Once you have an estate plan that you are satisfied with, you need to preserve the documents. They should be stored in a place that protects them from harm and where they can be readily accessed after you pass away. We discuss some tips on how to do that.
Your estate plan is worth nothing if it is destroyed or if no one can find it after you pass away. In order for your directives to be followed, people have to be able to read what those directives are.
All too often, important estate planning documents are lost or accidentally destroyed.
Recently, LifeHealth Pro offered some suggestions regarding how to make sure your estate plan documents are safe in "5 Tips for keeping original paperwork of key estate planning documents."
The LifeHealth Pro tips include:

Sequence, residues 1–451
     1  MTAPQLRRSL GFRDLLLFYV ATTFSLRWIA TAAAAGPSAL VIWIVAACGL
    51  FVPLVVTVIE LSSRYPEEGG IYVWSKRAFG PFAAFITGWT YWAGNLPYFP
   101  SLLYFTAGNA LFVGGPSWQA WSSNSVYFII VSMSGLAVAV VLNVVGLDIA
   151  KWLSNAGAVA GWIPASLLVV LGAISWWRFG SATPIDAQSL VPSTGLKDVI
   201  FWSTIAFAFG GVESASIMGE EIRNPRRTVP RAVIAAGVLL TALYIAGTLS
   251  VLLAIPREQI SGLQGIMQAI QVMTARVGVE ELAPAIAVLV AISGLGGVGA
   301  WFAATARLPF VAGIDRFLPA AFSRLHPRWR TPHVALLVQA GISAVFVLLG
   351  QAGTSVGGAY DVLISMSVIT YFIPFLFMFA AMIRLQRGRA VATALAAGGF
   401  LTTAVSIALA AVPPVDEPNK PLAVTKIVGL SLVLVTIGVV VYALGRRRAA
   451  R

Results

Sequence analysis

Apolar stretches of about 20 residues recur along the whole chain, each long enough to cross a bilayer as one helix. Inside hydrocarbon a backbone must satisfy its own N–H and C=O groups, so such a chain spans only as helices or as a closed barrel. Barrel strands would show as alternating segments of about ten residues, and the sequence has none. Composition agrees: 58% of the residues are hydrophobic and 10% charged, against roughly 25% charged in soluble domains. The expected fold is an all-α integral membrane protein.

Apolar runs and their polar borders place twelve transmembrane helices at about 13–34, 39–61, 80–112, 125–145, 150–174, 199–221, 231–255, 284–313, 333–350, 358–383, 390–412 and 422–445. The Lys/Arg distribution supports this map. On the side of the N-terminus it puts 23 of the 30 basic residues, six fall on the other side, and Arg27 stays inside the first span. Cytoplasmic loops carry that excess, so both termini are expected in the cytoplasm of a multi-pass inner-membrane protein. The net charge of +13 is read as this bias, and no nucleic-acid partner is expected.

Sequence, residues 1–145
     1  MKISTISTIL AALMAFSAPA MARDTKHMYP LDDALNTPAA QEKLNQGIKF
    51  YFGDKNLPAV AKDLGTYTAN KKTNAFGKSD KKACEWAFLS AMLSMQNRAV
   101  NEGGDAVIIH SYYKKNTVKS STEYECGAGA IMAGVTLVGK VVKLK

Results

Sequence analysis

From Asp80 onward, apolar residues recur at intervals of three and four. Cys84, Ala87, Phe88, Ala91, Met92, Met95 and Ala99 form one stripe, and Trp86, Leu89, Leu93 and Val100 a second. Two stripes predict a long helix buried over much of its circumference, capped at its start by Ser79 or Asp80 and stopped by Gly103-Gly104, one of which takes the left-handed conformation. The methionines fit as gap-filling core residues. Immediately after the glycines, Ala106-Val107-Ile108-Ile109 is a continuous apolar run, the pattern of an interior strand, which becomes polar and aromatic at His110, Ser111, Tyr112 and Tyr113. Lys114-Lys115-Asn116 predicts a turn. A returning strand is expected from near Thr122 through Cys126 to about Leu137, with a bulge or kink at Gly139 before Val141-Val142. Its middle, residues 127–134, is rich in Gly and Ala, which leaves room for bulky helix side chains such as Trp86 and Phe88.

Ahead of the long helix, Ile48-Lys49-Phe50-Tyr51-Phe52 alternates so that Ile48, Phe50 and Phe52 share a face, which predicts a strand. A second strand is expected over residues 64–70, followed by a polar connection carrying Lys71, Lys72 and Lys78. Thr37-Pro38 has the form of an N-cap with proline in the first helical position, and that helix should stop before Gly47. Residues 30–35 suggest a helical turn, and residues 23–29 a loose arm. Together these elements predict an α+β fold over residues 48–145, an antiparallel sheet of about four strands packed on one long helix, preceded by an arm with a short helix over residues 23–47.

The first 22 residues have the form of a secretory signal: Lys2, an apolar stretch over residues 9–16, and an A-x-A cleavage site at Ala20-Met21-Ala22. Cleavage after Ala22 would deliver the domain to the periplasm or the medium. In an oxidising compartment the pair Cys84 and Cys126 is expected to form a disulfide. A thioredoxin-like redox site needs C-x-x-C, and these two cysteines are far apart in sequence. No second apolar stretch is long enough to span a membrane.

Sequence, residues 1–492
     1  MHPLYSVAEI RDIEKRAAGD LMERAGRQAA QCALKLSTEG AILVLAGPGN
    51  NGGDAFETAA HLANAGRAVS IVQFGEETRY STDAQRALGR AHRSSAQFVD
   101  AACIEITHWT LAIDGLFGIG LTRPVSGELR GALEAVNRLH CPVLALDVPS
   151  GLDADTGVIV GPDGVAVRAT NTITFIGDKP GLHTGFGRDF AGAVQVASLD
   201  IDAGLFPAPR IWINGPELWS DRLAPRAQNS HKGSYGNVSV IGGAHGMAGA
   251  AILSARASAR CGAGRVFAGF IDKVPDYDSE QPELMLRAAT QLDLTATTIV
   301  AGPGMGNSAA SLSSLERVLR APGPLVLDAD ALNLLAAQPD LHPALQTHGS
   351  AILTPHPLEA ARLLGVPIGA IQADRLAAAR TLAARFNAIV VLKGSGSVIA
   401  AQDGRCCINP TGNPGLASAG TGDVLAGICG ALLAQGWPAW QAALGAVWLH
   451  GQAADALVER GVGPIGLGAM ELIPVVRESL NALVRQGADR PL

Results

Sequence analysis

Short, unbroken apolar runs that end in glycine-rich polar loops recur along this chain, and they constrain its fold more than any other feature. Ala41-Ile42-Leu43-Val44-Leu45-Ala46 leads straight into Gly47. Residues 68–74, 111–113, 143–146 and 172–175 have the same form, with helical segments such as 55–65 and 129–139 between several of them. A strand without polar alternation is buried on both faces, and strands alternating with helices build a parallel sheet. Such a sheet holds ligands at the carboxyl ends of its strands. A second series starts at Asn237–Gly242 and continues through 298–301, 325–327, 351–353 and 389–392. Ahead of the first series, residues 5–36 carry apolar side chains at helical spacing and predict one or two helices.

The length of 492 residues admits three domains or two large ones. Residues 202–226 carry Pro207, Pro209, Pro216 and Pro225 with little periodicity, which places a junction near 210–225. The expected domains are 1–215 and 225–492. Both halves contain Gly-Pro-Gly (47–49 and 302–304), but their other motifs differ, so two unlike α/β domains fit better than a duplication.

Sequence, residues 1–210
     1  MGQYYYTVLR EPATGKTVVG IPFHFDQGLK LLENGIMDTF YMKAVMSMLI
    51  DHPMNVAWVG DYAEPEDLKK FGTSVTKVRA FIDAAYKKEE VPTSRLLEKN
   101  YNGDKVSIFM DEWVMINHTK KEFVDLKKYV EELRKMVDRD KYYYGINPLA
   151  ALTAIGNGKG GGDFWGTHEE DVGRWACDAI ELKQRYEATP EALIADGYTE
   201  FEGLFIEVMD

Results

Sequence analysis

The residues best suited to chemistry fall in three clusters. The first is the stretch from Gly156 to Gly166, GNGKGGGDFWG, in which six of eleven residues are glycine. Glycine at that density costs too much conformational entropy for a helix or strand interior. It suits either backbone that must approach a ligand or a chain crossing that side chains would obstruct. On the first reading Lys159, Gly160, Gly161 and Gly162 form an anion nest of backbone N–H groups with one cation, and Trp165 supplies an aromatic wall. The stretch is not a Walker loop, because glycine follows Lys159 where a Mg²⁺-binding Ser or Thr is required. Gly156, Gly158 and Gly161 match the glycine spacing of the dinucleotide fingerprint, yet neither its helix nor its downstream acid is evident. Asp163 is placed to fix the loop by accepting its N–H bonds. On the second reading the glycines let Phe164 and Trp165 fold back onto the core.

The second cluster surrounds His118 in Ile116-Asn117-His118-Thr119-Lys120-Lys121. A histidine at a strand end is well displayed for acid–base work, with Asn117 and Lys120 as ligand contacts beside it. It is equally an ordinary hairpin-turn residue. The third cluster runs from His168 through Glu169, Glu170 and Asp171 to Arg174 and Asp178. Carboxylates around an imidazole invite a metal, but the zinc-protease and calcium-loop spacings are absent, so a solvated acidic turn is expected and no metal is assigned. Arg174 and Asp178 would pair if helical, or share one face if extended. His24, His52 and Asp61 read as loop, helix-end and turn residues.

- Make sure the original documents are easy to find. This means that, at a minimum, someone else knows where you have them stored.
- Make copies. If for some reason the originals cannot be found, the copies will alert people that the originals exist so they can look for them. However, be sure to destroy the copies if you change your estate plan. Otherwise, this can lead to needless confusion.
- Use a safety deposit box to store the originals and make sure that the box can be easily accessed after you pass away. If you have a trusted personal representative/executor, you might want to consider putting that person's name on the safety deposit box.
- If you have a living will or health care surrogate, it is a good idea to indicate in that document that you have a will, and who the personal representative is, so he or she can be notified.
These tips are just the starting point. If you come in to discuss your own plans, we will have other recommendations for your unique circumstances.
Reference: LifeHealthPro (July 14, 2015) "5 Tips for keeping original paperwork of key estate planning documents."